We aren’t discussing whether this system is perfect (we both agree it isn’t), or whether it is the best system (we are in agreement there too), or whether or not some of the things that can happen within it are uncaring. You are arguing that this system amounts to a caste system, that it is unchristian, and that is just utterly unconvincing to me.

And further, it continues to seem absurd to me, in the day and age that we are in where there’s not one denomination but many and we can join any of them, for you to think that it is incumbent upon the UMC to change practices that ultimately relate so fundamentally to how it understands calling and setting apart for ministry and the sacredness of Communion, just because you say so based upon arguments that, from my perspective, look so flimsy. Virtually every UM has things they think the church does that are un-Christ-like and should be done differently!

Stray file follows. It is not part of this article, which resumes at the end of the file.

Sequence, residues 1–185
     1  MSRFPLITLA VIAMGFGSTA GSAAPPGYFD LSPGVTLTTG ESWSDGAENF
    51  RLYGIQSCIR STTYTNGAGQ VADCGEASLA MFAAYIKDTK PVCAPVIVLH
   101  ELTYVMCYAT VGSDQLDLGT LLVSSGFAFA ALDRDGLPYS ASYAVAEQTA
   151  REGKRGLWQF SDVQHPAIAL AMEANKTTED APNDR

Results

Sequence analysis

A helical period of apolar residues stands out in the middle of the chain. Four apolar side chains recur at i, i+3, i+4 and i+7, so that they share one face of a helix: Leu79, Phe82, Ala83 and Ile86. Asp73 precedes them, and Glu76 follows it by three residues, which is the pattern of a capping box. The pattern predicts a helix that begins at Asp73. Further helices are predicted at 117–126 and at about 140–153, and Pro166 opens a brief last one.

To be clear, I can understand your frustrations, and I wouldn’t have any objections to your first friend blessing the elements of Communion (I’ll leave the second friend out of this since that policy has just been changed, and I thought it should be too, and I don’t see it as applying in quite the same way as your first example), and I don’t have any emotional connection to the UMC’s ordination system that will cause me to lose sleep when it is forced to break in some way in order for the UMC to better respond to today’s reality and needs (such as not producing enough ordained pastors and having to rely more and more on local pastors), but I still don’t think that the system the UMC has in regards to these things is inherently unreasonable, un-Christ-like or that it amounts to a caste system.